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Archive for the ‘Kirk Douglas’ Category
Posted in Andre de Toth, Audie Murphy, Budd Boetticher, Burt Kennedy, Charlton Heston, Delmer Daves, DVD reviews, releases, TV, etc., Fred MacMurray, Gary Cooper, George Montgomery, Glenn Ford, Jeff Chandler, Jeffrey Hunter, Joel McCrea, John Ireland, Johnny Mack Brown, Kirk Douglas, Lee Van Cleef, Lesley Selander, Randolph Scott, Robert Mitchum, Robert Ryan, Robert Taylor, Rory Calhoun, Tim Holt, William Castle, William Elliott on April 4, 2013 | Leave a Comment »
Posted in 1952, 1954, 1956, 1959, Barbara Stanwyck, Howard Hawks, John Sturges, Kirk Douglas, Making Movies, Mara Corday, Republic, Rex Allen, Richard Widmark, Robert Mitchum, Ronald Reagan, Roy Rogers on February 25, 2013 | 7 Comments »
Rex Allen and Roy Rogers, somewhere on the Republic lot.
Mara Corday studies the Raw Edge (1956) screenplay.
Donna Reed and Richard Widmark at work on Backlash (1956). That’s John Sturges obscured in the ball cap.
Howard Hawks shows Kirk Douglas how to do a fight scene for The Big Sky (1952).
Ronald Reagan and Barbara Stanwyck discuss the arms situation on the set of Cattle Queen Of Montana (1954).
Satchel Paige and Robert Mitchum shoot the breeze between takes on The Wonderful Country (1959).
We did a 50s Westerns Want List a couple years ago and it was a blast — and a surprising number of our wishes have since come true! So it seems about time to do another one. Last time around, I polled a few people offline, but I’ve since learned that a lot of the fun comes from watching y’all feed off each other as you load up the comments box.
So send in your lists. I’ll compile and sort the responses — then see if I can get them to someone who can actually do something about it.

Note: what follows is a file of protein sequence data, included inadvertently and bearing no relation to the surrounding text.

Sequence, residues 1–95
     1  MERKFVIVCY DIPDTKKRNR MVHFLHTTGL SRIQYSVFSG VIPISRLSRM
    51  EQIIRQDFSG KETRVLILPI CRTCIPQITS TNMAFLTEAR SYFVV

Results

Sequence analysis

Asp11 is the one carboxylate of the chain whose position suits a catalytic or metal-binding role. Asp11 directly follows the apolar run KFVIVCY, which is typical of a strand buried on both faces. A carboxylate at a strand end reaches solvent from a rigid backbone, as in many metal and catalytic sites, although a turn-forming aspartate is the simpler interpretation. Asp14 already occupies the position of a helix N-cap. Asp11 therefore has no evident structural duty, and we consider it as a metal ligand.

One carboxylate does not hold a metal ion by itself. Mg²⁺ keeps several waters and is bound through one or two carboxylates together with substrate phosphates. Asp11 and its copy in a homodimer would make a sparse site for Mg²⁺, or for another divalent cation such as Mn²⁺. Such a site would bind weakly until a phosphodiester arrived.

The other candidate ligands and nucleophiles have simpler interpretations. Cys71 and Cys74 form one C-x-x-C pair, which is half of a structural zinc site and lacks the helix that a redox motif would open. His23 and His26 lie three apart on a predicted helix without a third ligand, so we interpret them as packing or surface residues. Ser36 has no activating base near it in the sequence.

I’ll start. Reprisal! (1956) and The Hard Man (1957), both from George Sherman and starring Guy Madison, and Fred MacMurray and James Coburn in Face Of A Fugitive (1959) — all from Columbia. Then there’s a Blu-ray John Sturges/Kirk Douglas/VistaVision twin-bill of Gunfight At The O.K. Corral (1957) and Last Train From Gun Hill (1959). I could go on and on.
UPDATE: I’m compiling and sorting all your requests and will post them Christmas day.
On this day in 1887 in Glenwood Springs, Colorado, Doc Holliday’s tuberculosis (and dependence on alcohol and laudanum) got the best of him.
Here’s Kirk Douglas as an ailing Holliday in Gunfight At The O.K. Corral (1957), with Burt Lancaster as Wyatt Earp. Some versions on the Holliday story/legend claim Earp was with him when he died. He was not.
Holliday’s tombstone reads “He died in bed.”
On this day in 1881, around 3PM, the infamous Gunfight At The O.K. Corral took place in Tombstone, Arizona. It involved Wyatt Earp, his brothers Virgil and Morgan, and Doc Holliday taking on the Clanton-McLaury gang. In a lead-filled 30 seconds, three men (Billy Clanton and the McLaury brothers) were killed.